Grant Season Journal, Part 3: Resubmitting

Our President continues her series of columns with more invaluable advice for building a competitive grant proposal.

The topic for this installment: Resubmitting a previously declined application and how to prepare a convincing resubmission statement.

Last time, I advised you not to despair (too much) if your grant application is declined for funding. No one likes to be declined, but it is a sad fact that Wenner-Gren only has funds to support about 15% of the Dissertation Fieldwork and Post-Ph.D. Research grant applications that we receive.  However, the good news is that resubmitted applications have a significantly higher success rate than first-time applications. The simple truth is that applicants who seriously consider the reviewers’ comments and take the time and effort to rework their applications produce stronger and more competitive proposals.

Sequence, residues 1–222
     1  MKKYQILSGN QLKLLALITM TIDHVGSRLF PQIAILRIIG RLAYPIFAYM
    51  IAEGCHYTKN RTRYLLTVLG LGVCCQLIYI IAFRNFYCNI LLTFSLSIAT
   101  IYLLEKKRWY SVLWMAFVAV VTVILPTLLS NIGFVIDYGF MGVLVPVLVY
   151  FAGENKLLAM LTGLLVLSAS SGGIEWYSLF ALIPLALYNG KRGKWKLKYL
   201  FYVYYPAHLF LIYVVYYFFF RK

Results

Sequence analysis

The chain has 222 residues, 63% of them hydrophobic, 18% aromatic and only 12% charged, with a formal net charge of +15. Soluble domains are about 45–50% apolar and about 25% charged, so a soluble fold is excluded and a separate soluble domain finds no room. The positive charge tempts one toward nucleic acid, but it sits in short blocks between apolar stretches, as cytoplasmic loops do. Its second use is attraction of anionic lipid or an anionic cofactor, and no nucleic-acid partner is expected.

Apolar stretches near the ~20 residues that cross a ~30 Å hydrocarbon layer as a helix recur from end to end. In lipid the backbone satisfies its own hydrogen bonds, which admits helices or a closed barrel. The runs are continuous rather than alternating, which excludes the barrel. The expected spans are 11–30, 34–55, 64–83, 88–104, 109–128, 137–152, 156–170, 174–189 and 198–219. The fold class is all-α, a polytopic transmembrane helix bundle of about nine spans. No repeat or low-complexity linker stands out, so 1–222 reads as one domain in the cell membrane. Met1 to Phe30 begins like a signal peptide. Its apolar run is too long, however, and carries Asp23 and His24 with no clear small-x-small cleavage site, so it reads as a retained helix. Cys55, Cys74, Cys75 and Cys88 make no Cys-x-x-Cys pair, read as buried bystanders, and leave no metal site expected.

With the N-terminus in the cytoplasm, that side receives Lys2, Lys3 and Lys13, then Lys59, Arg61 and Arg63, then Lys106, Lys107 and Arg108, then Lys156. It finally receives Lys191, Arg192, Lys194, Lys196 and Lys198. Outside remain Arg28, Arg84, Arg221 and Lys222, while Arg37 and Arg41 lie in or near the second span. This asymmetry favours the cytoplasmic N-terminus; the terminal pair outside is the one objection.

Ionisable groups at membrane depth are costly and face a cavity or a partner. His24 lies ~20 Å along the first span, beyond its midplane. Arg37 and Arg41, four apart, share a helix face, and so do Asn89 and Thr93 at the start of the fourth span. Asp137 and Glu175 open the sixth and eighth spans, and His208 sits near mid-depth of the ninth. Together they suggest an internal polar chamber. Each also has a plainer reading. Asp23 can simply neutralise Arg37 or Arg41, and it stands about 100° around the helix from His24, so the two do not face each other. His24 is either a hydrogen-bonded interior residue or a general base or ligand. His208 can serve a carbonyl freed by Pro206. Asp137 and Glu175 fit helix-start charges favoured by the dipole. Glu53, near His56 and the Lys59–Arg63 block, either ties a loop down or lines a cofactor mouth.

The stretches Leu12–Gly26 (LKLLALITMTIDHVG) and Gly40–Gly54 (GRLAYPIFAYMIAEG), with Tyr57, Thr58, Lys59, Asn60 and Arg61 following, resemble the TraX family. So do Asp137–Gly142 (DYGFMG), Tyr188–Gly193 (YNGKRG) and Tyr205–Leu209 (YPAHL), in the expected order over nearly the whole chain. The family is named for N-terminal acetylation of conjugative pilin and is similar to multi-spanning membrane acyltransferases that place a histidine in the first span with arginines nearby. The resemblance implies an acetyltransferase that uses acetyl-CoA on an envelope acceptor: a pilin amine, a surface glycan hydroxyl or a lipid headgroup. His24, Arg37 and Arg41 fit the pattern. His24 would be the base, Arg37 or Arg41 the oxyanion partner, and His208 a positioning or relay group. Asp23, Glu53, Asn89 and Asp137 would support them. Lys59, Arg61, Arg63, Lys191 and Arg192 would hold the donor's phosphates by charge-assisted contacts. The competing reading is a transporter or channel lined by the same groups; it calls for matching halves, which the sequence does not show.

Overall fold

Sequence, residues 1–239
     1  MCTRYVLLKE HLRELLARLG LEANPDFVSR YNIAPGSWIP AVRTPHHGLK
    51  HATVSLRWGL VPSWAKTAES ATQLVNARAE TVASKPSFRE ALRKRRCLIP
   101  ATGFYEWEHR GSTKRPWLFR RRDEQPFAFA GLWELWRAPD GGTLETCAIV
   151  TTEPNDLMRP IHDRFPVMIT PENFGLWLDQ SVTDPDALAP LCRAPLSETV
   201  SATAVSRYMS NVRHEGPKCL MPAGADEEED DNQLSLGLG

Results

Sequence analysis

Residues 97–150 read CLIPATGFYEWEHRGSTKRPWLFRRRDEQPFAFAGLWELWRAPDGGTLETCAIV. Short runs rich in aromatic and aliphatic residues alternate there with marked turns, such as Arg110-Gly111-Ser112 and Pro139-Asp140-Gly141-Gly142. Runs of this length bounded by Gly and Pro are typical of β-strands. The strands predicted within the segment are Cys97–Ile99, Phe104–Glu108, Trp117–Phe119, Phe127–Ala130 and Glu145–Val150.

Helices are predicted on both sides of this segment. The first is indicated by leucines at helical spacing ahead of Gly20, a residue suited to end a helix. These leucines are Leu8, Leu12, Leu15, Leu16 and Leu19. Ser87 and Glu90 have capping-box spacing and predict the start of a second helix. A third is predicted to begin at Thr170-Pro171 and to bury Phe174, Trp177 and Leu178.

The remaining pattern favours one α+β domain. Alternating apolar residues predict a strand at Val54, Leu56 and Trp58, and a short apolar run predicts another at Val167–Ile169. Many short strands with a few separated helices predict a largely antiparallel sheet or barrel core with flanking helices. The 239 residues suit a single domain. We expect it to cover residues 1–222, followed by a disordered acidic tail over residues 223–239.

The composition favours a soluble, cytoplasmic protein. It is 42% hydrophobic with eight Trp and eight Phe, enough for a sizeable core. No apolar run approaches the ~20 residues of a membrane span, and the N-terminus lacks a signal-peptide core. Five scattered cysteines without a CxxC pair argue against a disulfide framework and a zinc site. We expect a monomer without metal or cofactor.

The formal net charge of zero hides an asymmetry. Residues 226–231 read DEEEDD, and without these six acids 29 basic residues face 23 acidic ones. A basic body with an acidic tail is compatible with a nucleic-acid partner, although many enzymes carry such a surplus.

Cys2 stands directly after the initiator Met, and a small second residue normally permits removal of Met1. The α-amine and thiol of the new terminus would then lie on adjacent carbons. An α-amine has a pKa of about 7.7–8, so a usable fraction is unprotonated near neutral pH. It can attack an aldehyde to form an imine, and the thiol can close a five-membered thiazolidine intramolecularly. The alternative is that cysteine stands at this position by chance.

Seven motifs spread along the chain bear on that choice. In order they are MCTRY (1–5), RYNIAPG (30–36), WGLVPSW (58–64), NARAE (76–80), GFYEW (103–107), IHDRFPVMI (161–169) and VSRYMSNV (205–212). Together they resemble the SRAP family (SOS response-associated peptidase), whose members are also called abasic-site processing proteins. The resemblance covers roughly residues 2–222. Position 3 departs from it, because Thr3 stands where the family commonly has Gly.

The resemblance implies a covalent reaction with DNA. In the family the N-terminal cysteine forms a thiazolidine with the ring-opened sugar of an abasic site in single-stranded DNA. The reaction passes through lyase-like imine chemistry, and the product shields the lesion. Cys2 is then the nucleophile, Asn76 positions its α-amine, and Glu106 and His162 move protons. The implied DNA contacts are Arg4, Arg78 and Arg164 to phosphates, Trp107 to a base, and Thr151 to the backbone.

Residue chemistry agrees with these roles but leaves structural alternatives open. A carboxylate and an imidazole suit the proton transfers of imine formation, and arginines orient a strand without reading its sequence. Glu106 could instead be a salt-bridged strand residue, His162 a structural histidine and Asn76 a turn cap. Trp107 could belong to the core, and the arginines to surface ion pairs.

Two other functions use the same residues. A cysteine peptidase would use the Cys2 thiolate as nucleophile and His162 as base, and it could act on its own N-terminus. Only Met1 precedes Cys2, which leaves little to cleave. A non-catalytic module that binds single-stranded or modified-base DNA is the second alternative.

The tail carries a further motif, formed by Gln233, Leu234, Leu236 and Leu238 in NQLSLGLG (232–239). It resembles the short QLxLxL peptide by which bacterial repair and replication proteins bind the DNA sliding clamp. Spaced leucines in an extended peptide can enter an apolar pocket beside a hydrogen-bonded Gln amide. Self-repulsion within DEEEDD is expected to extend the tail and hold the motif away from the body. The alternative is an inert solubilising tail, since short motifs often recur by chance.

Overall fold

To give you an idea of how significant this is, in 2011 the success rate for resubmitted Dissertation Fieldwork applications was almost twice that of first time applications (resubmissions = 23.0%, 59/257 applications; first time = 12.3%, 83/674 applications).

It is definitely worth the effort to resubmit – but don’t think that you will be successful if you simply resubmit the same application. Wenner-Gren puts considerable effort into reviewing proposals and we have a team of about 60 international anthropologists who help us do this. Our aim is to give constructive criticism to every applicant, and although you might not always agree with our funding decision, at least you know its basis.  It is also very important to us to make our decisions in time for you to meet the next application deadline if you want. Our aim is to get you funded and into the field as quickly as possible.

If you do decide to resubmit, you need to fill out a resubmission statement in addition to reworking the answers to the regular project description questions. The resubmission statement asks you to describe how your application differs from your previous submission and how you have addressed reviewers’ comments. You should view the resubmission statement as an opportunity rather than a drudge and make full use of the space provided. The resubmission statement  gives you an extra page to talk about your project and particularly to discuss how you have addressed the reviewers’ comments and how your project (and your thinking) has developed since the original submission.